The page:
Mom says a “contraption” should include moving parts. Ooookay…? I suppose that rules out the brass eagle I turned into a lamp finial or my bookcase – though I did put sliding doors on the bookcase. I told Mom that I’ve made whirligigs, with pantomimed arm movements while I was driving. She told me “pin wheel and put-your-hands-back-on-the-steering-wheel”. Good point. This moved into a wistful memory of Grandpa’s weather vane that we should’ve taken when we moved him from his house and the supposition that Great Grandpa Winter must've invented a lot of contraptions because he was a contraption kind of guy. Uncle John was working on a perpetual motion machine before he died. Maybe this kind of thing runs in families?
People with money just buy the parts they need or hire someone with the right parts and actual knowledge of what to do with them. Poor people come up with different answers. For example, there was a time when I wanted my brothers to fix a lawn tractor. Brother #1 admitted that work was at a stoppage until Brother #2 arrived, took apart a ball point pen, inserted the little spring, waved his magic wand, and the motor began to purr again. I’m pretty sure that taking apart a pen wasn’t written into the owner’s manual.
I admire this kind of cleverness, and I might even have influenced my brother’s alternative solutions to mechanical issues. I had a house with problems when brothers #1 and #2 were little. We spent a lot of happy weekends over projects. Since we didn’t have brawn, I said we needed to think smarter. Pipes won’t come apart? Let’s discuss levers. Let’s discuss fulcrums too or the advantages of a longer lever. Maybe we needed to discuss a &*#*^$% sledge hammer too, but more often we opted for persistence (stubbornness) and teamwork. Our planning sessions were fun and intense. We gained an appreciation for proper tools, which often led to networking and finding someone who would lend them to us – and of course, tools are always a good excuse for garage sales.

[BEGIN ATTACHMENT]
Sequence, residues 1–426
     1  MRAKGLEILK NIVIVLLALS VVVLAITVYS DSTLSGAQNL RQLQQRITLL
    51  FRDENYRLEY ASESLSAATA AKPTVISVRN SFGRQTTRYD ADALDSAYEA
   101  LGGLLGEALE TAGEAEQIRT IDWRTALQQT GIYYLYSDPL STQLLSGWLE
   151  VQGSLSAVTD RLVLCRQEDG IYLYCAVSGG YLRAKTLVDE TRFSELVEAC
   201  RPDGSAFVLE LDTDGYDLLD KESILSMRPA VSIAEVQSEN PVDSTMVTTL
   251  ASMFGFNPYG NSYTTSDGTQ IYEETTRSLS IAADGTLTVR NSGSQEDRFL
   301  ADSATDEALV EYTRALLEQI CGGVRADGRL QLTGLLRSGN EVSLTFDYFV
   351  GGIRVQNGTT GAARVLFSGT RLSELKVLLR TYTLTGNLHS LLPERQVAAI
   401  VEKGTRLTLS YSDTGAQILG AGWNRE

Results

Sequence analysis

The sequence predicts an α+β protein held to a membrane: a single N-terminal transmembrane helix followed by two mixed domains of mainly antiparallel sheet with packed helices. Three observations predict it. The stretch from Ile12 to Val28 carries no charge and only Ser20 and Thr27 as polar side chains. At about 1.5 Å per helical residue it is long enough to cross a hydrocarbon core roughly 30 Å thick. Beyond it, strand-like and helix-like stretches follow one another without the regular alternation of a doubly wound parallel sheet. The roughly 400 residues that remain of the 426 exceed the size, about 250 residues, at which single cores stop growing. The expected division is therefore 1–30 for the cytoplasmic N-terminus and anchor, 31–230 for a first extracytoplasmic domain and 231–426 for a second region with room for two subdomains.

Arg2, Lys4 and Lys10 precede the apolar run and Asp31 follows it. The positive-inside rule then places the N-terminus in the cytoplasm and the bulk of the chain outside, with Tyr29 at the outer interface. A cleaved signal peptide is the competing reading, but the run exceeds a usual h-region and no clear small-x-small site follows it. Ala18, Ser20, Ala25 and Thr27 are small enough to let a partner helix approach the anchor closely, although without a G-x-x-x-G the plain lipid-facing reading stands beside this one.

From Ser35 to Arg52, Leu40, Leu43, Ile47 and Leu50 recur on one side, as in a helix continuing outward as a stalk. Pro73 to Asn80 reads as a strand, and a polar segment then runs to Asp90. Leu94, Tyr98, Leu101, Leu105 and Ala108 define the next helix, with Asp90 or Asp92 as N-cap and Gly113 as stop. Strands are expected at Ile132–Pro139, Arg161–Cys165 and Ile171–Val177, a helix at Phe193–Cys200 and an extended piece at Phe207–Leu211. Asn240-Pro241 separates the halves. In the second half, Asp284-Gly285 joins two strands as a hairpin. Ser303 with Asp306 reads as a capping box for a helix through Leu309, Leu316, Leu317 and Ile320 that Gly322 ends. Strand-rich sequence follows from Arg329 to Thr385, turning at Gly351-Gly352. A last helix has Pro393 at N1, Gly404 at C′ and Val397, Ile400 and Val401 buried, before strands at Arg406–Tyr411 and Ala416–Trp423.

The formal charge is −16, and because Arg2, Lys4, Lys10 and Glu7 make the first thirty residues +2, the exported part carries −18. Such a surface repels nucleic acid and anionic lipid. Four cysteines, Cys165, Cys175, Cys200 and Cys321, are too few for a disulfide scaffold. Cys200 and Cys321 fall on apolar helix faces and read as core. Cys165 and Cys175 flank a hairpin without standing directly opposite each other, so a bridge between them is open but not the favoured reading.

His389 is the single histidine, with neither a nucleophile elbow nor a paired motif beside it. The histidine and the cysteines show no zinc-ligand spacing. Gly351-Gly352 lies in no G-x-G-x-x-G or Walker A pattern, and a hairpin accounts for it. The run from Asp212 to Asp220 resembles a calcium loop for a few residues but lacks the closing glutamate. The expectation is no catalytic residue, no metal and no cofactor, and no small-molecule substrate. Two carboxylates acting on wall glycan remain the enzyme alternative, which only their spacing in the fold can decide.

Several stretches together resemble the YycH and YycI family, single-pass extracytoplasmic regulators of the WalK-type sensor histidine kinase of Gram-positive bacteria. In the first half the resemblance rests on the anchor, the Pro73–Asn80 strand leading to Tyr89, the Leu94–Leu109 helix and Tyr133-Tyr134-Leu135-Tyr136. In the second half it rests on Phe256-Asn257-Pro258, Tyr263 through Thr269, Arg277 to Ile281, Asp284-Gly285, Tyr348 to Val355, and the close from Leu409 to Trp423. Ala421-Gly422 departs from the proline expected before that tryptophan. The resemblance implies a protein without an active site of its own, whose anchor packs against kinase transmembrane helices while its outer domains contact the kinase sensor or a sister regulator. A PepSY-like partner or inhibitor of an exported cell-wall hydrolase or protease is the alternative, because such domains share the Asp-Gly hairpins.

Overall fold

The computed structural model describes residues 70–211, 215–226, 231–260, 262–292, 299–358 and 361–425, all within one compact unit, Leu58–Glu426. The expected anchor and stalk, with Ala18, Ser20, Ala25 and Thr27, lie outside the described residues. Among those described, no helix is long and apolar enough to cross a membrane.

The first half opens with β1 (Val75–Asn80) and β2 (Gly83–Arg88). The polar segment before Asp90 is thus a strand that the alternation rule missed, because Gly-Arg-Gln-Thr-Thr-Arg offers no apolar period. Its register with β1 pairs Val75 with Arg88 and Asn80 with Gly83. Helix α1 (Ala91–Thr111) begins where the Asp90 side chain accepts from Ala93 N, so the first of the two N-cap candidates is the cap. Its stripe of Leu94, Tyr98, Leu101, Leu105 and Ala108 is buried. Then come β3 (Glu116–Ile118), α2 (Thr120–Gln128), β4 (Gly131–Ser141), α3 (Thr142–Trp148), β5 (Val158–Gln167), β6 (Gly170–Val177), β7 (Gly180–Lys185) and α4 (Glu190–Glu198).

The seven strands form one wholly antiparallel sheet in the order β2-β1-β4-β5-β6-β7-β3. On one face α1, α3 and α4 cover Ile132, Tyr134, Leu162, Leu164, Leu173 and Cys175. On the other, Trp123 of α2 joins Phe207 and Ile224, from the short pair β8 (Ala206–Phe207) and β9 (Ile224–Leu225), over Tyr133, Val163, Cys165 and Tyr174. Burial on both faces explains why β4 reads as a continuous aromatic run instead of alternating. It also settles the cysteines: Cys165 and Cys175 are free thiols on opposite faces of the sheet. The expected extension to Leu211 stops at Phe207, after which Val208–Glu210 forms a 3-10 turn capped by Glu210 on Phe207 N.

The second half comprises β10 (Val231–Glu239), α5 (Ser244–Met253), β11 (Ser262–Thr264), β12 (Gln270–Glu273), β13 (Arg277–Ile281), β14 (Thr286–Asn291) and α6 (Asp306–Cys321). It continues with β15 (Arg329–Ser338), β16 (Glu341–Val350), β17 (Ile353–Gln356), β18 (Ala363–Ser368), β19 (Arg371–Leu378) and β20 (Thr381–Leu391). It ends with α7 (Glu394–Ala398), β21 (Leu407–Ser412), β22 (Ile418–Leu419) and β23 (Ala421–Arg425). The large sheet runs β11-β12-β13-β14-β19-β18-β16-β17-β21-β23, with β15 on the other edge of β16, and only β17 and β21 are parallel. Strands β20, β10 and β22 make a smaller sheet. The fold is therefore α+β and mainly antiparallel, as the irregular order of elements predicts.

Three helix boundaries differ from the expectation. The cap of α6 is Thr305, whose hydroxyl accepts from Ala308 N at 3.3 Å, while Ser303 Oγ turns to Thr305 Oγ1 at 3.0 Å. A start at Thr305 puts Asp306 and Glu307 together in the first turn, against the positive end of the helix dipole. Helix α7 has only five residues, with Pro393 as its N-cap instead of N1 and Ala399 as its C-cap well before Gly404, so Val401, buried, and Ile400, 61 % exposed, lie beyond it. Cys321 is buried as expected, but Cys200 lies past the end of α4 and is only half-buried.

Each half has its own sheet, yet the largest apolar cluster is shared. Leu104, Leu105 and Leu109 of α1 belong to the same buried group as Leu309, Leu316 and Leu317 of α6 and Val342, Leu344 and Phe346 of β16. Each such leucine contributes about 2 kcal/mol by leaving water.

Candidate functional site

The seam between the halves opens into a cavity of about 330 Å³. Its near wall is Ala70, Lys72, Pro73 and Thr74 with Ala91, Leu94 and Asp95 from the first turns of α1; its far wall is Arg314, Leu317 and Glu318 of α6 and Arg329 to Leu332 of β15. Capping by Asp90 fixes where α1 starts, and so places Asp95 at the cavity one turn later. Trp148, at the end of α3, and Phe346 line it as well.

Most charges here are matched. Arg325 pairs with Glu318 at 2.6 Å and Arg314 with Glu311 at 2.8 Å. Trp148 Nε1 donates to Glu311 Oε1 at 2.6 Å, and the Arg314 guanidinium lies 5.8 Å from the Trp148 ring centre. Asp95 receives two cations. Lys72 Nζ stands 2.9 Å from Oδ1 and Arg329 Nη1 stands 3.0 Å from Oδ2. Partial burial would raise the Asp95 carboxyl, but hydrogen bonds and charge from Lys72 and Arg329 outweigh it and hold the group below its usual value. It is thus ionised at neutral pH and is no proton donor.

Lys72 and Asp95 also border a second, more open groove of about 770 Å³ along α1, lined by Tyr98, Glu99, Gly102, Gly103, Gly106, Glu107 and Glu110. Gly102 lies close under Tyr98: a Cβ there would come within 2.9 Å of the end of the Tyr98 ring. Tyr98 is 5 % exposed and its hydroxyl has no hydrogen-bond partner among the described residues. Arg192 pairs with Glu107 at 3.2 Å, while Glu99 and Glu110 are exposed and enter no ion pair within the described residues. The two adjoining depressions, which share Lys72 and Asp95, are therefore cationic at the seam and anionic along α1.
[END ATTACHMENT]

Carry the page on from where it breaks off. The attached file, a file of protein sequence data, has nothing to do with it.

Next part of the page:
These ads have been sitting in a box for a long time without any real reason for their existence any more, and the sewer rings were cleverness along the lines of ballpoint pen springs. Prior to this innovation, the ring that held sewer lids in the street were a set made of solid cast iron. There wasn’t a standard size for sewer lids, so if you needed to replace the ring, you had to custom cast it, which was expensive and difficult. Making an adjustable ring meant easier and less expensive road repairs. Sewer lid technology may have grown by leaps and bounds since I did these, but at the time, I was pleased to get the chance to do illustrations for a big art studio. Cleveland is an industrial kind of town, so I didn’t get to paint cute little bunnies very often – though I can show you endless how-to illustrations of hands holding wrenches, paint brushes, paint rollers, utility knives… Hey, if nothing else, ya gotta admit that’s a great tire!